If the point of a news organization is uncovering facts and reporting them as thoroughly and even-handedly as possible, I will still take the American press over the rest of the world, even in its dying state. The point of my original post was not that American journalism is corrupt, after all. The point is that in the political sphere, the Republicans have figured out how to rig the system. They carefully manipulate the press to control much of the message and they undermine the press by attacking its credibility. As a result, American journalism is breaking down. Although media consolidation is a problem, it is secondary to a more immediate problem: Americans no longer believe in their press. Some of this is due to mistakes like those you cite in Iraq, but a lot of it is because of a direct, sustained attack from the right that has recently been joined by the left. As a former journalist this saddens me, but I don’t know how to stop it. Ironically, the end result will likely be a system much like England’s, where “objective journalism” is a relic of the past and the reality on the ground is a range of media outlets projecting a specific ideological position. It will be more realistic, but also more cynical. The American journalistic ideal – to present the truth without an agenda – is honorable. Unfortunately, it is beginning to look outdated.

A few last points…you claim there are many ways for society to own media other than private or government ownership, yet you cite only one: the Scott Trust. The Scott Trust was created by the original owner of the Guardian in 1936; it was not a clever invention of “the people” of Great Britain. Scott was very very rich and he left the trust behind when he died. If such a trust were possible to replicate, I’d love to see it happen, but your contention that the British people somehow created the trust is nonsense. Perhaps someday in America we’ll have our own C. P. Scott to leave us two independent papers, but until that time, I’m eager to hear some of these “many other” ways you think one can finance a major media entity. If the Scott Trust were easy to duplicate, I imagine other English papers would be owned in the same way.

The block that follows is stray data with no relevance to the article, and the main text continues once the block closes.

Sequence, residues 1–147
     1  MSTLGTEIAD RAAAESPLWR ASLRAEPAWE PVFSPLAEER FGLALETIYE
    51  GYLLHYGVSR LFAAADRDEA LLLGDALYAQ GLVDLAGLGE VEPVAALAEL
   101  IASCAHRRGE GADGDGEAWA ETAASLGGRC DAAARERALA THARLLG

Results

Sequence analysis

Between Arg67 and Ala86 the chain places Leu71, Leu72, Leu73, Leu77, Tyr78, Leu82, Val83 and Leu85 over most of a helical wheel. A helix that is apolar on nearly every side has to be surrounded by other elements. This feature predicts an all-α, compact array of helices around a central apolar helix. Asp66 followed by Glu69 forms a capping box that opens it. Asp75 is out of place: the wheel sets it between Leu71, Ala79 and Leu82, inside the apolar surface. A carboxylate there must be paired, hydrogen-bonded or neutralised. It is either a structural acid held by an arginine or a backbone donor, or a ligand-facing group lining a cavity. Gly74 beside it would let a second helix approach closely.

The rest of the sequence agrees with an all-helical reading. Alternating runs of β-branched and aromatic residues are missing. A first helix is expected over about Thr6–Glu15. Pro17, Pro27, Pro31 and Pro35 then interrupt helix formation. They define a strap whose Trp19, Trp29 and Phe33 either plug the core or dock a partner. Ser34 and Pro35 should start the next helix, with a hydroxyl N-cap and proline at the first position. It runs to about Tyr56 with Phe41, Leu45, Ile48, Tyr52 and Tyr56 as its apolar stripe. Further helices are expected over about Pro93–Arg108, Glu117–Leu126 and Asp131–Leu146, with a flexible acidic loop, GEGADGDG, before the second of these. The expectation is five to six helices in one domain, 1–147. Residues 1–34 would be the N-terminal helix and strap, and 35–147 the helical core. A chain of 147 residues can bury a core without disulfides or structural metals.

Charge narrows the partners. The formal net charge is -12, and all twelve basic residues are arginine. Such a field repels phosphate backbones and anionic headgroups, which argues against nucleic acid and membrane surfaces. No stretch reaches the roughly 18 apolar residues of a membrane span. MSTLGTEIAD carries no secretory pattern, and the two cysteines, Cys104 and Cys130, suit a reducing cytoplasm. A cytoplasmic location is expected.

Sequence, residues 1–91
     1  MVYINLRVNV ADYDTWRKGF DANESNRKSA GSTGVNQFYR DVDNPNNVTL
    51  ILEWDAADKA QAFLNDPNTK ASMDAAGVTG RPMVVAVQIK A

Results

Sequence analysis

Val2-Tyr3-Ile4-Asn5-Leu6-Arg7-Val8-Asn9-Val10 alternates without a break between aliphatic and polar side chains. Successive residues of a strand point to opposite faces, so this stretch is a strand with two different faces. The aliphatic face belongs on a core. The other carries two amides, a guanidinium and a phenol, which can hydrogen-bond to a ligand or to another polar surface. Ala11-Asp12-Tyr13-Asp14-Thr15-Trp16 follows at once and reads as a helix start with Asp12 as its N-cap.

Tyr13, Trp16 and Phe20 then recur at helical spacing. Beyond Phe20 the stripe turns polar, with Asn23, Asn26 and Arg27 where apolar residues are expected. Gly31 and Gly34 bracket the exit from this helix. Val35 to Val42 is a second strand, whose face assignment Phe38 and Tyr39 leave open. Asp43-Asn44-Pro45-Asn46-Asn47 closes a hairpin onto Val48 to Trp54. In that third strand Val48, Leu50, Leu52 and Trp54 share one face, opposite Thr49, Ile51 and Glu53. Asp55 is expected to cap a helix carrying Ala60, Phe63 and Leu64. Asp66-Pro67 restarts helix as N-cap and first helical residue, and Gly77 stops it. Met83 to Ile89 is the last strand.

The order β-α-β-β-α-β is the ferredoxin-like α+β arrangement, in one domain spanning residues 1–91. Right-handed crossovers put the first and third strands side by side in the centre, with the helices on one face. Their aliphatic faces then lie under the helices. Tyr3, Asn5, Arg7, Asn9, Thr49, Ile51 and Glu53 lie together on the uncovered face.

(It’s worth noting that the New York Times Company is not a conglomerate: its holdings are rather limited and primarily media-related, and it has been run by the Sulzberger family for many years. Rupert Murdoch they ain’t.)

As for my freedom, the American state I live in has legalized gay marriage – has Great Britain? Really, you needn’t worry about my freedom. The moral position of left-leaning Brits is hardly superior to that of left-leaning Americans. After all, most left-leaning Americans didn’t vote for the American President who went to War in Iraq. Can most left-leaning Brits look in the mirror and say the same about Tony Blair?

5/17/2005 8:38 PM  
Anonymous Anonymous said...

what can't happen here? Arbeit Macht Frei? It's already happening.....

5/18/2005 1:02 AM  
Anonymous Anonymous said...


Why do you keep insisting that the american media ( while awknowledgeing and lamenting it has been damaged and weakened).... is still the best in the world?

Just how good a job have they done in reporting honestly, accurately and fairly the true state of the world we all live in?

The media in other countries..... virtually ANY other country ... reported the true state of affairs over Iraq, who wanted War, why they wanted it and what they expected to gain.... and they were proved right.... NOT in hindsight, they were right at the time concerned.

Your media didn't just perform badly ( and even if that's all thier guilty of.... it still doesn't square with your claim they are more to be trusted then any other news source does it?)

It's clear they knowingly did so... and do so today..... Some fifty per cent of Americans still believe to this day that Saddam Hussien had WMD and\or backed 9\11.... It takes a massive concerted effort by your media to bring that about....when your own government and George Bush himself have been forced to awknowledge that in fact Saddam didn't have WMD... and there is no evidence whatsoever of any involvement in 9\11.